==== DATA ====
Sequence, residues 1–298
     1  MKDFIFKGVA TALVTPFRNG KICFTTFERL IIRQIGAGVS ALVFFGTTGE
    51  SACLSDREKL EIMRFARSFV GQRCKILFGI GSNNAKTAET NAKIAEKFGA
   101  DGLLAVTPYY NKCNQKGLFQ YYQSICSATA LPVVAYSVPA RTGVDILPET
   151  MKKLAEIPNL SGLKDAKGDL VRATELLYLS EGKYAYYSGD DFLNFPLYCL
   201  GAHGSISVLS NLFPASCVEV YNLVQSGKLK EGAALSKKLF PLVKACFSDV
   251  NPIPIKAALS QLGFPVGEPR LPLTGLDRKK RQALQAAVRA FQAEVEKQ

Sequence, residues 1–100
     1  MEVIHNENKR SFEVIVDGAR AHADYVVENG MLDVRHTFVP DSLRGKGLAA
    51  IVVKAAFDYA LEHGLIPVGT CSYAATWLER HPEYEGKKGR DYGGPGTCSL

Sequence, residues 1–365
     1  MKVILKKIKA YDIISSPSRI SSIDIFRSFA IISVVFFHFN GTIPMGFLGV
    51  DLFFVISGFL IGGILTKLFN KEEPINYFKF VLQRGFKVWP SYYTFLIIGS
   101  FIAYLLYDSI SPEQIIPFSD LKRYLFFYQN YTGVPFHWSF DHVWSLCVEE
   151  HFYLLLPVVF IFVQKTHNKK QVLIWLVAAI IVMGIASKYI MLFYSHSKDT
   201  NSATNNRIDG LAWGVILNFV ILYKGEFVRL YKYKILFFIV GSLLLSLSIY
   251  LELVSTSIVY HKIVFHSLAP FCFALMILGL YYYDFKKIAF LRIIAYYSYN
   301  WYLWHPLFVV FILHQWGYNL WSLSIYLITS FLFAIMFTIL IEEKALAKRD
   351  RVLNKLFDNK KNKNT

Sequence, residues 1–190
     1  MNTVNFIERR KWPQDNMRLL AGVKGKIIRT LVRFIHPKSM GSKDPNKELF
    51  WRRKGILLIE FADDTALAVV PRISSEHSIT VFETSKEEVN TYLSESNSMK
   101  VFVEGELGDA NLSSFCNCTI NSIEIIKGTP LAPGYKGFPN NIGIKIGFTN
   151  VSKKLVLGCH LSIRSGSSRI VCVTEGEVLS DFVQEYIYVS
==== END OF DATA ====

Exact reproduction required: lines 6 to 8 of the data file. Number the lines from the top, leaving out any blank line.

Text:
   201  GAHGSISVLS NLFPASCVEV YNLVQSGKLK EGAALSKKLF PLVKACFSDV
   251  NPIPIKAALS QLGFPVGEPR LPLTGLDRKK RQALQAAVRA FQAEVEKQ

Sequence, residues 1–100